Senators assail China’s floating barriers in West Philippine Sea

Senate President Juan Miguel Zubiri said these obstructions were not allowed within the country’s 370-kilometre exclusive economic zone.

Frances Mangosing, Marlon Ramos

Frances Mangosing, Marlon Ramos

Philippine Daily Inquirer


A 300-meter stretch of booms found at the Scarborough Shoal, which the Philippine Coast Guard and the Bureau of Fisheries and Aquatic Resources said was installed by the China Coast Guard. PHOTO: PHILIPPINE COAST GUARD/PHILIPPINE DAILY INQUIRER

September 25, 2023

MANILA, Philippines — Senate President Juan Miguel Zubiri on Sunday asked the Philippine Coast Guard (PCG) to remove the floating devices which Chinese vessels were caught in the act of installing at Bajo de Masinloc (Scarborough Shoal) off Zambales province, according to the PCG.

The PCG said on Sunday these booms were intended to block Filipino fishing boats.

Zubiri said these obstructions were not allowed within the country’s 370-kilometer exclusive economic zone (EEZ).

“They have no right to put any structures within our [EEZ and] these structures pose a danger to passing fishing boats that can get entangled with the lines and cause considerable damage to the propellers and engines of [sea vessels],” he told reporters.

Sen. Risa Hontiveros joined Zubiri in lambasting China’s latest hostile action in the West Philippine Sea (WPS).

“China’s cruelty knows no bounds. They have no shame in aggressively blocking our fishermen in our own seas,” she said.

“We should no longer accept acts like this going unpunished. If we allow China’s bullying to continue, it will cost the lives of our own people,” she warned.

‘Captured on camera’

The PCG and the Bureau of Fisheries and Aquatic Resources (BFAR) on Sunday accused the China Coast Guard of installing the 300-meter “floating barrier” at Bajo de Masinloc to prevent Filipino boats from entering their traditional fishing ground.

The booms were discovered while BFAR’s vessel BRP Datu Bankaw, manned by the PCG, was on a routine maritime patrol on Sept. 22.

“The most important incident that we monitored with this maritime patrol… is that we captured on camera that the Chinese coast guard deployed their three rigid hull inflatable boats together with the service boat of one of the Chinese maritime militia vessel in installing floating barriers” in Bajo de Masinloc, PCG spokesperson for the West Philippine Sea Commodore Jay Tarriela said in a press briefing.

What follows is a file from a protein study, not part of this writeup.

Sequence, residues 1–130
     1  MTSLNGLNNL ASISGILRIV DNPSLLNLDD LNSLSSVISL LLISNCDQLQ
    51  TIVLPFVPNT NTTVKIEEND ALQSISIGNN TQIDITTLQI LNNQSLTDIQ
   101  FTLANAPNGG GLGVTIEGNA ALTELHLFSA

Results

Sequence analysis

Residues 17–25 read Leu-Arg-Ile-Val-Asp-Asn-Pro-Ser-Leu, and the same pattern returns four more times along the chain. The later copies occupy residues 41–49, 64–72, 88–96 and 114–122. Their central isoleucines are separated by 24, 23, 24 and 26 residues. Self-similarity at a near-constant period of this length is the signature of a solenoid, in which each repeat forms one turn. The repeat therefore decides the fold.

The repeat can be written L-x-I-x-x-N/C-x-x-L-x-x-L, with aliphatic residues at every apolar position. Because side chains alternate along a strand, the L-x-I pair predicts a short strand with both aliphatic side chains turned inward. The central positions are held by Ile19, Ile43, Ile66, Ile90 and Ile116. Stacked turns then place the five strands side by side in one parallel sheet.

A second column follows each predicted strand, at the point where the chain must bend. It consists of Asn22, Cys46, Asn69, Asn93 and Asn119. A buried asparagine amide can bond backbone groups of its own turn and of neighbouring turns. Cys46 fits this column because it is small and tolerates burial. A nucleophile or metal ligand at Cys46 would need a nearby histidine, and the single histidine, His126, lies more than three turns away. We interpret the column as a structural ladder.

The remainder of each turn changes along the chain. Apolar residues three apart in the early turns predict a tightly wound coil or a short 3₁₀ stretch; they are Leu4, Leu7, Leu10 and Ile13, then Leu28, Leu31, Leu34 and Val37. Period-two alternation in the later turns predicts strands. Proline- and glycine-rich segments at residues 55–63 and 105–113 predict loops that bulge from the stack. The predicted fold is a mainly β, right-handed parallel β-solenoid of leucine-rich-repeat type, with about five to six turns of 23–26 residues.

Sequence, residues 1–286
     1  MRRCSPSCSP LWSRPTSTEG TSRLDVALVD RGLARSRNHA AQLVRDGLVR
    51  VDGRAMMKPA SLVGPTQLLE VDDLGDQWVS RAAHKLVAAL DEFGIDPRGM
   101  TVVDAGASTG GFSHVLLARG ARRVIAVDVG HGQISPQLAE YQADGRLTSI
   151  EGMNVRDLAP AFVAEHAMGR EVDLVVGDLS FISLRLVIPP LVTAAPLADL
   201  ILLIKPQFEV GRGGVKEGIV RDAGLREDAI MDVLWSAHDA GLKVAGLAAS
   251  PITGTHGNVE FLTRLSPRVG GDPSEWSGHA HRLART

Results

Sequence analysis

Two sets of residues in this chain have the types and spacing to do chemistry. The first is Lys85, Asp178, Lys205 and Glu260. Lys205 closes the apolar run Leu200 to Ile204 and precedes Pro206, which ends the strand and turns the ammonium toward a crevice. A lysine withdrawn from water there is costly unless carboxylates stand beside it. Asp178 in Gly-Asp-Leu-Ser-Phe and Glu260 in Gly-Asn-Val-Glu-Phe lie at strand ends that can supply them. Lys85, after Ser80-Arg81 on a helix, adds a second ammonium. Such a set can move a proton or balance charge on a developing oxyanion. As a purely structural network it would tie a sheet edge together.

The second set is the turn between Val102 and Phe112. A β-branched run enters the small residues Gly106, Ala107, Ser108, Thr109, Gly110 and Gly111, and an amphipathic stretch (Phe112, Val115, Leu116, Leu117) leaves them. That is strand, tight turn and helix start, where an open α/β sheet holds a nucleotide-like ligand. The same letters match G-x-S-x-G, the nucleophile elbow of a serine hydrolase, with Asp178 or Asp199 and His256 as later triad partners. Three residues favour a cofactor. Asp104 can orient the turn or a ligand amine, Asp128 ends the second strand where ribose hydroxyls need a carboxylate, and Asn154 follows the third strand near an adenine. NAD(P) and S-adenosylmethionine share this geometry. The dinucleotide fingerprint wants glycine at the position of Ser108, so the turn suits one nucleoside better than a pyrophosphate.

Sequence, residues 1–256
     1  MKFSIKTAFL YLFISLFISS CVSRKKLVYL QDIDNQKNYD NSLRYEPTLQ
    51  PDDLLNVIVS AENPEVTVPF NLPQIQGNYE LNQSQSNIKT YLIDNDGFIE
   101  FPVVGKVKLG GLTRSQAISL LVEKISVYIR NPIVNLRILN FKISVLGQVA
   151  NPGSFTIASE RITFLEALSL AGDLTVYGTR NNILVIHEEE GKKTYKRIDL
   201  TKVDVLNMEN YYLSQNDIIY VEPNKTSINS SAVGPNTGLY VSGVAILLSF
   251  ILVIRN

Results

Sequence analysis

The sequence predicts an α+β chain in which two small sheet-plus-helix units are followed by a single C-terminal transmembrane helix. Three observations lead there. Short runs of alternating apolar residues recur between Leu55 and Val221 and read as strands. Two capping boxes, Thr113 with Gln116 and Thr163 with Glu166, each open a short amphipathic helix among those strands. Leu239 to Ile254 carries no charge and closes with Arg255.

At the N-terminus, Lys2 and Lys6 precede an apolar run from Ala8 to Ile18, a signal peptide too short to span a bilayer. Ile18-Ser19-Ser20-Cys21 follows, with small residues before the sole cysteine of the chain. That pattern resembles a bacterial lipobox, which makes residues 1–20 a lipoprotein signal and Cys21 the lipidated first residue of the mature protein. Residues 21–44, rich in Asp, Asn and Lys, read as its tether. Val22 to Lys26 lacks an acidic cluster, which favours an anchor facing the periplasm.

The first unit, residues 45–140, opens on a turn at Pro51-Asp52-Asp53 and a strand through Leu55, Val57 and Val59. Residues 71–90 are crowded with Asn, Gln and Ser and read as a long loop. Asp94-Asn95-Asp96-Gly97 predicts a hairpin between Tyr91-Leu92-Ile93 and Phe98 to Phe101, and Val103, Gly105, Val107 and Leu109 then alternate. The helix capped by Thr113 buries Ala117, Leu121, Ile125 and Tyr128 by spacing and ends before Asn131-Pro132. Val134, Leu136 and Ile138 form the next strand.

The Chinese vessels were “in a hurry to install those floating barriers because they monitored that there was a BFAR vessel and there was also a large number of Filipino fishing vessels” in the vicinity, he said.

The PCG did not remove the barriers yet because, as Tarriela explained, “we intend to document this for the National Task Force on the West Philippine Sea to learn about this particular activity of [China] and then we’re going to leave it to them as to whatever legal or diplomatic action is necessary.”

Amicable resolution

The PCG and BFAR, in a joint statement, said they “strongly condemn” the installation of the floating barriers, “depriving [Filipino fishermen] of their fishing and livelihood activities.”

Despite China’s frequent aggressive actions in the West Philippine Sea, the Philippines has reiterated that it continues to advocate an amicable resolution of disputes and has called for adherence to international law to keep the Indo-Pacific region “open, free, stable and peaceful.”

Speaking on behalf of President Marcos at the 78th session of the United Nations General Assembly in New York City on Saturday, Foreign Secretary Enrique Manalo told member nations that the “preservation of a rules-based global order is our collective responsibility.”

The Department of Environment and Natural Resources (DENR), meanwhile, has denounced the reported destruction of coral reefs and marine ecosystems in the West Philippine Sea.

“Harmful human interference, such as the destruction and illegal exploitation of any part of our marine ecosystem is a loss, not only to our country, but to the region and to the world,” the DENR said in a statement released on Sept. 22 following the signing of the first-ever treaty on protecting the international high seas at the United Nations.

According to the department, scientific studies had established that the marine ecosystem in the Kalayaan Island Group was crucial for the supply of fish and coral larvae in the country and the region.

“We, therefore, strongly deplore any activity that leads to the damage and destruction of the coral reefs in the Kalayaan Island Group,” DENR said, adding that it was ready to support the concerned government agencies currently exploring legal options that the country might pursue.

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